April 16, 2007 Face to face with the Taliban's new favorite weapon in the Afghan war: human bombs.
The village was in Taliban country, roughly 170 miles southwest of Kabul and more than an hour by foot from the main road. When a NEWSWEEK reporter walked in alone through the snow one cold February day, a guerrilla with an AK-47 was there to meet him. The visit had been arranged in advance through Taliban officials who have been consistently reliable news sources. Our aim was to speak to volunteers who had trained to be suicide bombers, hoping to shed light on their minds and motives. The guide led our reporter to a mud-brick house, where a boy of 10 or so hauled out something heavy in a flour sack. The Taliban man took the sack and slung it over his shoulder, heading toward another house. Then he told his visitor what was in the bag: a pair of suicide vests, stuffed with explosives. "If these jackets go off, anyone within 100 meters will be killed," the fighter warned, with a twisted smile.
Fortunately the load on his shoulder killed no one at all that day. But Taliban leaders are counting on these weapons to drive America out of Afghanistan. In his latest propaganda video the murderous Taliban commander Mullah Dadullah Akhund brags of having 1,800 trained suicide bombers just waiting for orders to strike and kill. Other Taliban leaders question that figure, but there's no doubt that the rate of attacks is skyrocketing. With tools and tactics borrowed from Iraq's insurgents, the Taliban committed 139 suicide bombings last year, more than five times the 2005 number. So far this year they have carried out more than 30 such attacks, killing dozens of people and wounding scores more. Security forces in Afghanistan are bracing for even worse to come: in his new video, Dadullah declares that the Taliban's annual spring offensive is "starting now."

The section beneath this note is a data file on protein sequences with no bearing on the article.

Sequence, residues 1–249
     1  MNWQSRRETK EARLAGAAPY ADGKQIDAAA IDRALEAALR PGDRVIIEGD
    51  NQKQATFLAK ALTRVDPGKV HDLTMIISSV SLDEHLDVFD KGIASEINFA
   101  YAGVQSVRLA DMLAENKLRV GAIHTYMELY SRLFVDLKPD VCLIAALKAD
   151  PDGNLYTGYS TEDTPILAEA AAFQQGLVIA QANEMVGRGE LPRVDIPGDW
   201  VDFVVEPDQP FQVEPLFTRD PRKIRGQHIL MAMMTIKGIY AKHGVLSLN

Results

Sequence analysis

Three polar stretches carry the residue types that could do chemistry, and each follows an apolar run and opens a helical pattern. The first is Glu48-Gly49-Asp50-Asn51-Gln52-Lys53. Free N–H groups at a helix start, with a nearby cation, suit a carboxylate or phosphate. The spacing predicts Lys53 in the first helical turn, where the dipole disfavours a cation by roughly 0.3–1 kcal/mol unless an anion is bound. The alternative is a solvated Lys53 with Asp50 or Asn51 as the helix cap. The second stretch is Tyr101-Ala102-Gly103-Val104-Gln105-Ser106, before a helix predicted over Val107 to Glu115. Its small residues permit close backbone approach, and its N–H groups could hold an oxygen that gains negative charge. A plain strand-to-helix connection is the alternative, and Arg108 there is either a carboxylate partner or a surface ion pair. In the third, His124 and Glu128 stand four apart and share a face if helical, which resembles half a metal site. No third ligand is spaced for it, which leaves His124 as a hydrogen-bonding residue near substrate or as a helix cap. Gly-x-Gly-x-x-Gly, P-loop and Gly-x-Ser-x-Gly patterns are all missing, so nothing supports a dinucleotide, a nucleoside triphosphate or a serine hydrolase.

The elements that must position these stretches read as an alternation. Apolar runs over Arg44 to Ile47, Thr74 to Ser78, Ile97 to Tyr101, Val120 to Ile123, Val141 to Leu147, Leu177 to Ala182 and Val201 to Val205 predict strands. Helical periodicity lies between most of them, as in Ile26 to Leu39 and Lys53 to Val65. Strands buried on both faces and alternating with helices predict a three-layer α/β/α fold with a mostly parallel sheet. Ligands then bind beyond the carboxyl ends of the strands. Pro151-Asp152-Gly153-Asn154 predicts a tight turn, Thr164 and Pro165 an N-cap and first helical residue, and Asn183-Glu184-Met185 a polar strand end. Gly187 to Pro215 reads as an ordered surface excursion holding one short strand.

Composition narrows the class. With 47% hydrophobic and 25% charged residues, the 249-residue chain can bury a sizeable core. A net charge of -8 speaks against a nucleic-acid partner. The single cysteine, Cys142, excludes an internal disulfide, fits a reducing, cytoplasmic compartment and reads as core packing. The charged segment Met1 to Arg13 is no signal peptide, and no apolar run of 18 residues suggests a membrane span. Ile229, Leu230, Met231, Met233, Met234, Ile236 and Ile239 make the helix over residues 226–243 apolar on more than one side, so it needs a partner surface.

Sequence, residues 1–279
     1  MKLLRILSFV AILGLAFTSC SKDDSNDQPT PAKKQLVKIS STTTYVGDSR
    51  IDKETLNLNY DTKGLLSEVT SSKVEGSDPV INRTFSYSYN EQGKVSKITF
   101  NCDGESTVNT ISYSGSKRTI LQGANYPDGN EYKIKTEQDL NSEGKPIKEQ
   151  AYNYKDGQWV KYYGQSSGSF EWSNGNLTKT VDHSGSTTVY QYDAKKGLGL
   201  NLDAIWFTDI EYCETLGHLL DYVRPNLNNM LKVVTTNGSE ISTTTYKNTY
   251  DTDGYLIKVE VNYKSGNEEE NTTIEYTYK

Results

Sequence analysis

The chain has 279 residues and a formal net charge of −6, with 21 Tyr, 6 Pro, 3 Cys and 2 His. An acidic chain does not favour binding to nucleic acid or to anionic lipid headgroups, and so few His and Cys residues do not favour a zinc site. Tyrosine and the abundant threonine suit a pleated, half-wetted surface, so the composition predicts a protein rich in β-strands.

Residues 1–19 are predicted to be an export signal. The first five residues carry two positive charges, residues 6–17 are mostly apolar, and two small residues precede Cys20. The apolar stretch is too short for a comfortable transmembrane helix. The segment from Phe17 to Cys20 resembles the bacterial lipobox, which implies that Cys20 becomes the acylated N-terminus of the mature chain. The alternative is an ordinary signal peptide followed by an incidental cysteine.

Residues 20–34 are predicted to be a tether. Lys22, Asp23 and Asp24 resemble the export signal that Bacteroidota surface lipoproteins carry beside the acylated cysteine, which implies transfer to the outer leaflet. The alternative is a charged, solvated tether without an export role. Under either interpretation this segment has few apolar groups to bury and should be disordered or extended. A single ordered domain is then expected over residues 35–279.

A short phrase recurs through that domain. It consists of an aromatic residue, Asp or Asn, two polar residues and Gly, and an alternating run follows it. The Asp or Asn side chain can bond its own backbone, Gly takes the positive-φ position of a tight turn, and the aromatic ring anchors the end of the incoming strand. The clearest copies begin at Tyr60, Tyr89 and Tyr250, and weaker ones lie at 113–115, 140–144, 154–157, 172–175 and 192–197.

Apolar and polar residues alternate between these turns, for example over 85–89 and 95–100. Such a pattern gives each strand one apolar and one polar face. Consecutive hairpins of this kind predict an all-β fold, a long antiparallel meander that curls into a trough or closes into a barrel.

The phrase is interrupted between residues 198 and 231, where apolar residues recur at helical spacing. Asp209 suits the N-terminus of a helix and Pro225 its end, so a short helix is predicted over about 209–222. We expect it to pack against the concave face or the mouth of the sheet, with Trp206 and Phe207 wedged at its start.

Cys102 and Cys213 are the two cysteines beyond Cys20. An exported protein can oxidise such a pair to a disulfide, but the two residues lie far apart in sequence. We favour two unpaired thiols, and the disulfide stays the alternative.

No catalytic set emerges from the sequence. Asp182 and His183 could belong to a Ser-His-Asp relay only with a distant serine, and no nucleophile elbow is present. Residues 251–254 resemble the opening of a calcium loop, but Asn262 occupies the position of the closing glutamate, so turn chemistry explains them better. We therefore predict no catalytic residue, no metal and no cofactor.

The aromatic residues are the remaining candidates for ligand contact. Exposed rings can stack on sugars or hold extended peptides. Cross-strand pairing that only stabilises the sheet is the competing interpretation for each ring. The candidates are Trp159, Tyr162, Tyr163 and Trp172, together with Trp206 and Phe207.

While Taliban leaders claim to attack only legitimate military targets, most of the dead and injured have been civilians. Of the nearly 300 people who were killed by suicide bombers in Afghanistan last year, 75 percent were unarmed men, women and children. This year is expected to be even bloodier. Suicide car bombs went off last week in Laghman province and Kabul, reportedly killing a total of 14 people—at least five of them children.
Such collateral damage doesn't seem to faze the killers. In another recent Dadullah video, filmed in late February, the Taliban commander addresses a crowd of 450 or so supposed recruits for suicide-bombing missions—"Mullah Omar's missiles," as the guerrillas call them—at a brick-and-stone fortress, most likely in Pakistan's Waziristan tribal area. "You provide the jihad with a technology that will defeat the crusaders' modern technology," Dadullah tells his listeners. "Your bodies are our new cruise missiles and atomic bombs."
It's a misleading analogy. Suicide vests don't have nearly the destructive power needed to be an effective strategic weapon. But they still kill, and they have a disproportionate impact on the struggle for hearts and minds. The bombers have already driven a wedge between ordinary Afghans and the forces supporting the Kabul government. Many civilians actively avoid police and soldiers for fear of suicide attacks like the bombing in Kandahar last September that injured more than two dozen adults and children, and killed four Canadian soldiers who were giving away candy. The troops have grown similarly fearful. Coalition vehicles now display warning signs in both Pashto and Dari: KEEP BACK OR WE'LL SHOOT. In recent months at least 10 Afghan civilians have died when they walked or drove too close to convoys; just last month in Kandahar province a tailgating truck-driver was killed by a warning shot that ricocheted off his engine block.
The bombers themselves claim this is all part of the jihad. Having picked up the suicide vests, the Taliban guide led the way to another house in the village, where eight other heavily armed guerrillas waited. A short while later, three intense-looking young men arrived. The guide introduced them as fedayeen—literally, men who are ready to sacrifice their lives. One of the three, his head and face swathed in a black-and-white kaffiyeh with only his blue eyes peering out, barely spoke except to say he was from Afghanistan. The second, carrying a rocket-propelled grenade launcher and wearing a black knit ski cap, brown jacket and tribal pants and shirt, said he was from Pakistan's Waziristan tribal area. The third, a 27-year-old Pakistani from Peshawar, gave his nom de guerre as Abu Aqeel. "I have come here for jihad, to drive the occupying U.S. and infidel forces from our Muslim country," he declared. "I want my body and bones to hit the U.S. Army." His suicide vest, having been removed from the sack, looked every bit as deadly as the guide had warned.